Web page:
This preview shows page 1. Sign up to view the full content.
Unformatted text preview: hile it probably does not hurt to promote an awareness of risk, the author is of the opinion that the project manager needs something a little more concrete than this. If the reader gets only one thing from the reading of this chapter, it should be that risk can and should be quantified by contingency and that contingency budgets should be allocated consistently with the way the work is to be done so that they can be managed in the same way and with the same tools that the project is managed . Page 243 Chapter 10— Rescuing a Failing Project
One of the least favorite thoughts of most experienced project managers is the prospect of taking over the management of a project that is failing. We are not talking about a project that is simply over budget or behind schedule that higher management thinks would benefit from a change in project management. In this chapter we consider a project that has been deemed a failure and that needs someone to take over its orderly shutdown or one where the question is whether attempting to save it is worthwhile. In both these cases, there is usually an attempt to discover what went wrong and to document it. In the first case, problems are often documented because of the legal ramifications in case of a dispute over damages. In the second case they are documented so that those trying to make a decision regarding an attempt at salvaging the project have something on which to base their decision. In both cases, expediency is required. In the first case, since project shutdown has already been determined, much of the workforce can be dismissed to other projects. But, in the case where project shutdown has not been decided on, it is necessary for the project to continue operating in parallel with the analysis. 10.1— Determining What Went Wrong Often, when a project has failed or is near failure, one of the contributing causes is that the methods discussed in the previ - Page 244 ous chapters of this book were not applied. However, just attempting to apply these methods does not guarantee a successful project. Failed projects often employ the same methods that are used on successful projects. Some companies have standardized project management methods and yet experience both successes and failures. Consequently, in determining what went wrong, we may have to search more deeply than just the project management methods that were employed. In preparation for this search, let us first consider the possible causes for project failure. We have already discussed, in Chapter 3, the three reasons projects do not progress as planned. But, for determining the reasons for project failure, we need to go back even further. We need to consider what preceded the plan, that is, what the plan was based on. Depending on the purpose of the project, the project plan may be based upon a variety of different things. For instance, if the project is to design a computer system, the project plan may be based upon a design methodology, whereas, if the project is to build a building, the pr...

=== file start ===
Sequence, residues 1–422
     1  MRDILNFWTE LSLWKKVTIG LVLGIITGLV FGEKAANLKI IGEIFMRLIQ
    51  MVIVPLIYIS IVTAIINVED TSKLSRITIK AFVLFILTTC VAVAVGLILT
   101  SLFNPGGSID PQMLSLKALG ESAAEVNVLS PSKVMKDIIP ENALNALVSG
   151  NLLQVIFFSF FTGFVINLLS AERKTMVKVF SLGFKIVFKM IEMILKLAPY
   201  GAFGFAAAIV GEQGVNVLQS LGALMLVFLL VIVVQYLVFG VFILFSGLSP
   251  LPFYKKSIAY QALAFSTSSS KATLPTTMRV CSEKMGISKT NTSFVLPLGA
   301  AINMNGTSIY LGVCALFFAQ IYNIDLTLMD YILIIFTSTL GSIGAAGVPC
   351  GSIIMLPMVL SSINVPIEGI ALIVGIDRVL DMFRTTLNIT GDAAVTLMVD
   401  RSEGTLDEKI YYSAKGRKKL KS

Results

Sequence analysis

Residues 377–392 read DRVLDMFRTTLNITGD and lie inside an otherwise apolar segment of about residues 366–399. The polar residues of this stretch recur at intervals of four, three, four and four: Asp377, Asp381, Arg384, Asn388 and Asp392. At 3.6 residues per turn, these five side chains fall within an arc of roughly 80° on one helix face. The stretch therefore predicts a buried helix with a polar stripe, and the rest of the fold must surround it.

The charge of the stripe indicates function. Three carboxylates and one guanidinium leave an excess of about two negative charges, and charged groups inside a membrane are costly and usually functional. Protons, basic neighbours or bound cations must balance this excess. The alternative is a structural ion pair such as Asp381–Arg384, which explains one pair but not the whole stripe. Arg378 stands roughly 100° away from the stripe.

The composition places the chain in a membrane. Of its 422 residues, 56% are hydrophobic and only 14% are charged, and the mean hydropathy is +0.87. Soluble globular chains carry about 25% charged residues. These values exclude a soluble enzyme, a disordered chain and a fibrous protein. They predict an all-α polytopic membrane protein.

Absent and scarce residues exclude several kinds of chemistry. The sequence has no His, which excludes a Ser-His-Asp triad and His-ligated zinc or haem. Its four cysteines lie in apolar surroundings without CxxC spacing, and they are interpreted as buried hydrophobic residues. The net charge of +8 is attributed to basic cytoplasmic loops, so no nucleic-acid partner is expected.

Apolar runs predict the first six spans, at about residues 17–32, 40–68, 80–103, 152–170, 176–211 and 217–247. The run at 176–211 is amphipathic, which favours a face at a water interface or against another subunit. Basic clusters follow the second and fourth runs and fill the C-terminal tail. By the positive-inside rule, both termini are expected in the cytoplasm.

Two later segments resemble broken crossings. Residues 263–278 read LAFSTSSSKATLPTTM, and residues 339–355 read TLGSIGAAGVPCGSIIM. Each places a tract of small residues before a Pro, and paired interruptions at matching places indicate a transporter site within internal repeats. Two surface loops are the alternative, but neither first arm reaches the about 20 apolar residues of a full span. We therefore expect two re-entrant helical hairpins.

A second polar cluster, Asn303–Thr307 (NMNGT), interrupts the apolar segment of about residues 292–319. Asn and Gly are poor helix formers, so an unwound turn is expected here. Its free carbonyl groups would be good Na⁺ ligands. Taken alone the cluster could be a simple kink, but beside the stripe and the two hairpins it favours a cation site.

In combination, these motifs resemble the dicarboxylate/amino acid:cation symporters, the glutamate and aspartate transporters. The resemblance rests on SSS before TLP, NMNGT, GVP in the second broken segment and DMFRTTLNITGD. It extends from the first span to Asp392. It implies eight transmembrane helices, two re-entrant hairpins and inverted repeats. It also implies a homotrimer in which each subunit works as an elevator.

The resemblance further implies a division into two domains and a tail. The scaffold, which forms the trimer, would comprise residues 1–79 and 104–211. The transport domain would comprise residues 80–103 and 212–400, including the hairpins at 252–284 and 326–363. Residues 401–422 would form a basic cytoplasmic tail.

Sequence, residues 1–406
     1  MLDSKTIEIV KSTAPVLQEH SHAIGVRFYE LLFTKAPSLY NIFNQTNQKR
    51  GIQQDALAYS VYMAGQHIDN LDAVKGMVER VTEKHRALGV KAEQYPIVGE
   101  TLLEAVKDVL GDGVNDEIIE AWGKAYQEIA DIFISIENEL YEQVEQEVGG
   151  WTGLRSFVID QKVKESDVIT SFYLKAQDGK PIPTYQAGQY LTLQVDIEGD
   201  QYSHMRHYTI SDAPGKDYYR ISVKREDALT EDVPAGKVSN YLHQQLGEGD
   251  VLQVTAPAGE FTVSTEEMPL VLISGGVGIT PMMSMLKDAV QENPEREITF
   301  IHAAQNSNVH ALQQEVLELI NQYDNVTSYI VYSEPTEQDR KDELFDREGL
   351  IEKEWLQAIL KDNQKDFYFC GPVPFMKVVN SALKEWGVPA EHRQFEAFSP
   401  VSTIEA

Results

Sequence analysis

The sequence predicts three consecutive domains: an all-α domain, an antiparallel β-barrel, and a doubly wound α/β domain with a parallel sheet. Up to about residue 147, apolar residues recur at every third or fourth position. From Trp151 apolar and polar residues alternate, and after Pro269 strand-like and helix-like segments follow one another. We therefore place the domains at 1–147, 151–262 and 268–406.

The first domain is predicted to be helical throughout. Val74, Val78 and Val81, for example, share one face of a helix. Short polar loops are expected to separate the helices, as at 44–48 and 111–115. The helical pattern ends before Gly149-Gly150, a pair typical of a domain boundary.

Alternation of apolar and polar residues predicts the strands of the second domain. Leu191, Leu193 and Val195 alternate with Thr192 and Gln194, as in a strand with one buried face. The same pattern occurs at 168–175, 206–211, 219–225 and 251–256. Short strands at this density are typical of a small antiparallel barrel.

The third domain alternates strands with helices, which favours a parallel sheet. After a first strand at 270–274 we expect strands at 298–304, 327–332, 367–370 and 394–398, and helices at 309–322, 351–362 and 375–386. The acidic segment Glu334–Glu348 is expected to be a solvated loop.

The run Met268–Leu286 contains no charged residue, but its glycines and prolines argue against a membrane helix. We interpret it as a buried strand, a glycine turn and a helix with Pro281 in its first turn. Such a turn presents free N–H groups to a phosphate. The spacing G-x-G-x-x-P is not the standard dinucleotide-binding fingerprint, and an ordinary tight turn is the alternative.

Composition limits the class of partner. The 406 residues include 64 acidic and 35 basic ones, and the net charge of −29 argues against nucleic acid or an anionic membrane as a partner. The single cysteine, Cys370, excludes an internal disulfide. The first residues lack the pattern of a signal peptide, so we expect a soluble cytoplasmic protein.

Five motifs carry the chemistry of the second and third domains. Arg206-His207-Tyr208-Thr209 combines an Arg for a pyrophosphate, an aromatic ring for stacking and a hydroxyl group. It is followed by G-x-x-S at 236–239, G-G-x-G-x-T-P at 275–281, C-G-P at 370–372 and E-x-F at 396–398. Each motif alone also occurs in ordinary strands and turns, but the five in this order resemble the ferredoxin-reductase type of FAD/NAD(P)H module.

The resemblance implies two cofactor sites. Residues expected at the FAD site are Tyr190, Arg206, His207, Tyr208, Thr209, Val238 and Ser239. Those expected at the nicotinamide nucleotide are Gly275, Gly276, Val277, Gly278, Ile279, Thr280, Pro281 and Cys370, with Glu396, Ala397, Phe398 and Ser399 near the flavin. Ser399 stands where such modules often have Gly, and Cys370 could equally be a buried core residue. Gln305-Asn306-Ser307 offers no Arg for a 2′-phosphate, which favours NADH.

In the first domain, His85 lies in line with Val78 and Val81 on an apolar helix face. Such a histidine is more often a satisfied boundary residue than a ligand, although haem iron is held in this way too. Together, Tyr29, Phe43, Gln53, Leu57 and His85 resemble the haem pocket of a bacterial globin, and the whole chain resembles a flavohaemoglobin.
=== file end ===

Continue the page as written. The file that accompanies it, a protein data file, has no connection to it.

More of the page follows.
View Full Document
This note was uploaded on 01/11/2011 for the course ACC 9 taught by Professor Yeetan during the Spring '10 term at Sunway University College.
- Spring '10